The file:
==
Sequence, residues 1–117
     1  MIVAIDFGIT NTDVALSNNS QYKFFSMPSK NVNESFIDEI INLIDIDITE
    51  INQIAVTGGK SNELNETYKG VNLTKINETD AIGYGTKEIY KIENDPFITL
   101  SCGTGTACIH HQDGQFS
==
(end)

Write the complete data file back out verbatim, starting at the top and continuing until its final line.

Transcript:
Sequence, residues 1–117
     1  MIVAIDFGIT NTDVALSNNS QYKFFSMPSK NVNESFIDEI INLIDIDITE
    51  INQIAVTGGK SNELNETYKG VNLTKINETD AIGYGTKEIY KIENDPFITL
   101  SCGTGTACIH HQDGQFS